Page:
Time Warner Cable has announced a five-year, $100 million commitment in conjunction with a White House-sponsored campaign to improve math and science education in the United States.
Using its media assets, the cable giant will work to build awareness of the need for better science, technology, engineering, and math (STEM) education while inspiring students by connecting them with hands-on afterschool opportunities to experience STEM in non-traditional ways. "Lifting American students from the middle to the top of the pack in STEM achievement over the next decade will not be attained by government alone," said President Obama during a White House event earlier this week. "I applaud the substantial commitments made today by the leaders of companies, universities, foundations, nonprofits, and organizations representing millions of scientists, engineers, and teachers from across the country."
Time Warner Cable has pledged to connect a million children with the wonders of science and math. Anchoring the company's initiative is the Connect a Million Minds Web site, which uses a ZIP-code search to connect students to STEM learning opportunities in their communities. The site also will challenge parents, afterschool program administrators, and community members to help in the effort. On the site, participants will be able to watch video case studies of inventors and technologists talking about their projects and post photos and narratives about their STEM experiences, creating a community of people who share a common interest and passion for scientific pursuits.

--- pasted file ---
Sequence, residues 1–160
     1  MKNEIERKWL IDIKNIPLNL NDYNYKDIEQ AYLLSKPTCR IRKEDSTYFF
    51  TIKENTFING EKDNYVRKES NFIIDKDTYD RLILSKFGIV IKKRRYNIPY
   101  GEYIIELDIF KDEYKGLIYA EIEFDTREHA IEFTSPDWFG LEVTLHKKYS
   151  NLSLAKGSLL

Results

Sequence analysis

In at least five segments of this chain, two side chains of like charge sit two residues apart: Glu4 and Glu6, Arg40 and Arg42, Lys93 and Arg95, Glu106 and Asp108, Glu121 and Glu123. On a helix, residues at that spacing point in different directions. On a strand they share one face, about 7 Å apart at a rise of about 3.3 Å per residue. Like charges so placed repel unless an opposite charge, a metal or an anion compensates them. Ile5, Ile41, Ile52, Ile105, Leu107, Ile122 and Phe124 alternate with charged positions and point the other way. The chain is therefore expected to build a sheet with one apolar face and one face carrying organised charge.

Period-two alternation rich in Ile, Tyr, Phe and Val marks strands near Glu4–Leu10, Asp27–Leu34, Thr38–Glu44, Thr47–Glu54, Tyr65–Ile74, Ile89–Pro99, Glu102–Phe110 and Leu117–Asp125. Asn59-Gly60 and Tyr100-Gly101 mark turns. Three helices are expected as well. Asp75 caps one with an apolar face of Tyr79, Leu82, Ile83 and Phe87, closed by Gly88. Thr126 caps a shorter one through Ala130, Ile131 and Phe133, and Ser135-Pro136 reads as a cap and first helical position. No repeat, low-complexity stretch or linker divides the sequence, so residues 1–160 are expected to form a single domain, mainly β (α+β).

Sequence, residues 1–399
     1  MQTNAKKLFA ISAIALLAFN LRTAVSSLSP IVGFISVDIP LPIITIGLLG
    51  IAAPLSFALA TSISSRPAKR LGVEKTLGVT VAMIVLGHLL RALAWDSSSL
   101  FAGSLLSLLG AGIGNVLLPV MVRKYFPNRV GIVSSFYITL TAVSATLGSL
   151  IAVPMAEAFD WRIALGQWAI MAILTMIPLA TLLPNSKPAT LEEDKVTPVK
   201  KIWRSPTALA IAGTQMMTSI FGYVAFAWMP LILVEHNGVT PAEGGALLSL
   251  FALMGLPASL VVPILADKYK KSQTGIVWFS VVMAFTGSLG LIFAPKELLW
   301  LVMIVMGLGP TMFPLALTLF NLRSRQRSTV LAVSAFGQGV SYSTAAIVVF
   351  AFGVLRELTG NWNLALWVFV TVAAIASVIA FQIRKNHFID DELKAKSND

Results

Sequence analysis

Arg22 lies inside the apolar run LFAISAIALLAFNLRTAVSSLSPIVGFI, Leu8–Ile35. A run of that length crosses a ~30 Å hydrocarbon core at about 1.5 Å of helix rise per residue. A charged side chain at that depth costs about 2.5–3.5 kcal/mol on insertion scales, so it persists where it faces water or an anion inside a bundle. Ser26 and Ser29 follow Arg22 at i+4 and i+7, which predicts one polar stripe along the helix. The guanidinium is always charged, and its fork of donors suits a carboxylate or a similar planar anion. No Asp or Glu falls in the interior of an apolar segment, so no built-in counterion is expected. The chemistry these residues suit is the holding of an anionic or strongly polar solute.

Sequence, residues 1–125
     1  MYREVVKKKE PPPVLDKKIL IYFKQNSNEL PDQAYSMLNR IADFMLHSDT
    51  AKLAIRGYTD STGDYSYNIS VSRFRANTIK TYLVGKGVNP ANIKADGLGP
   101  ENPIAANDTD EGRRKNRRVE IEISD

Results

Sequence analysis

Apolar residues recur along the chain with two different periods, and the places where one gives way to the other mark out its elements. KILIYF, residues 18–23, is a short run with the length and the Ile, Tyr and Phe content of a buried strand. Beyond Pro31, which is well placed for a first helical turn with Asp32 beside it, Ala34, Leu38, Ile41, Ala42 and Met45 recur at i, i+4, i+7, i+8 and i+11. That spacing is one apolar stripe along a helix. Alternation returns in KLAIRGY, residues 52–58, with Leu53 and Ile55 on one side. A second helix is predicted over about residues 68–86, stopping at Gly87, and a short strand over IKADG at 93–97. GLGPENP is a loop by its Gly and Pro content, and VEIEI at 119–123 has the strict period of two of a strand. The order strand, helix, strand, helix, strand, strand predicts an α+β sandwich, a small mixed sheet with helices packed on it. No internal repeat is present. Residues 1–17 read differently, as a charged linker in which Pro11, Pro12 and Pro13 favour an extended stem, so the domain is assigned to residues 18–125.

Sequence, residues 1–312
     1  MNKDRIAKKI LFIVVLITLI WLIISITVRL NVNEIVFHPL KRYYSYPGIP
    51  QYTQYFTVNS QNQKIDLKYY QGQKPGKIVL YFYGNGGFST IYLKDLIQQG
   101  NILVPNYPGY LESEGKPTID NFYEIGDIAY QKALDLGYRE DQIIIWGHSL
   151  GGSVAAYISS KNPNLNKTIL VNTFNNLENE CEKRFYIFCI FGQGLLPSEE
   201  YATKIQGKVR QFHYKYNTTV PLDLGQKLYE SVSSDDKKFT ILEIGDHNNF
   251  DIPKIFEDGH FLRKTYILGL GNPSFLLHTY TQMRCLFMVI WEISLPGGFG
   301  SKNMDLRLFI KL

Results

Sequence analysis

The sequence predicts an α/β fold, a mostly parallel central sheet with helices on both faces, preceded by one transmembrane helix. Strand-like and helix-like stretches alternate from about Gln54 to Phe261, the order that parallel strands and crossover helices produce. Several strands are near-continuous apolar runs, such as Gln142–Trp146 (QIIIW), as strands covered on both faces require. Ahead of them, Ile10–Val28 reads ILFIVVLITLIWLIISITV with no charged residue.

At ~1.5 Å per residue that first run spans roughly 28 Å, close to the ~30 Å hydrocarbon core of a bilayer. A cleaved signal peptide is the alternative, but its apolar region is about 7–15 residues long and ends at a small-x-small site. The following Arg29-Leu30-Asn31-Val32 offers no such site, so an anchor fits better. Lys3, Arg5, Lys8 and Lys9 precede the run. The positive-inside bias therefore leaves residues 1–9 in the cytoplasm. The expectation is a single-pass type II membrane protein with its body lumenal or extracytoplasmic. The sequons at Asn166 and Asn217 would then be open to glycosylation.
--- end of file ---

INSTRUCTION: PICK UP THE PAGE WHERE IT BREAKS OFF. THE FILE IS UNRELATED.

According to Time Warner Cable chairman, president, and CEO Glenn Britt, while there is a general understanding that STEM education is important, there is a lack of awareness of what opportunities are available to children. "We have two goals," said Britt. "One, we want to help parents understand the critical importance of their children's math and science education to a successful future — their own and the country's. And two, we want children to see that math and science can be fun through engaging, hands-on experiences. We hope that will inspire students to pursue higher education and careers in STEM fields, filling a critical but dwindling pipeline in America's workforce."